I. PREVIEW • Have students take a name-tag again with their first name, last name, and favorite movie actor/actress and favorite movie • Stamp the syllabus for those that have theirs signed and collect them, while passing out the clock buddy activity. • Go over the attendance procedures, emergency procedures, end of class procedures. (Harry Wong) ICEBREAKER ACTIVITY • Have students move around and get signatures from others for each hour on the clock. They may not repeat partners. • Before getting a signature, students must introduce themselves and their favorite movie. • Do this until most of the students have them all signed. • Discuss what we will do with the clock and what happens if the student does not have a signature for a certain hour. ISN ACTIVITY • Direct students to get their spiral notebook out. • Have students number ALL the pages in their notebook starting with the inside right page as one (right side) and continuing on so that even numbers are on the left and odd on the right. • Have the students label the table of contents at the top of page one. Have them draw a line down the middle of the page so that they will have enough room for all 70 pages of content to be on there. • Glue in: Clock onto left inside cover. Syllabus on page two. “Get an autograph…” on page three. • Make sure they know that each time we put an asterick (*) by a page number, it means that there is a glue-in on that page. PROCESS • Have students put their spiral in the appropriate container for their class. • Explain that these will stay in class for the most part • They should pick up their notebook as they enter class and drop off when leaving. (THIS IS THE ATTENDANCE PROCEDURE) • Have students review the rules of the road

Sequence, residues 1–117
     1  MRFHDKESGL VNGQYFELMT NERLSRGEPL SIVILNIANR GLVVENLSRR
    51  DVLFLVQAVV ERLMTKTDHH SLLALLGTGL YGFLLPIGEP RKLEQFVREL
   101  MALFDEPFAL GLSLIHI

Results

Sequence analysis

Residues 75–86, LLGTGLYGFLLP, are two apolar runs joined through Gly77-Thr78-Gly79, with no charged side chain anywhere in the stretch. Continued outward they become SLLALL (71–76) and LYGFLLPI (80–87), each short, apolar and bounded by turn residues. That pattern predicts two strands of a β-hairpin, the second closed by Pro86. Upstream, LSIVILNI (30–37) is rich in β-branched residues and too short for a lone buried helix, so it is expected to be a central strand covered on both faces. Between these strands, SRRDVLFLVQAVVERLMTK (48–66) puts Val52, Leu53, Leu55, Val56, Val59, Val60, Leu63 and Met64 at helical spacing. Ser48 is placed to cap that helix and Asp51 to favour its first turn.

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Basic Training Manual – American History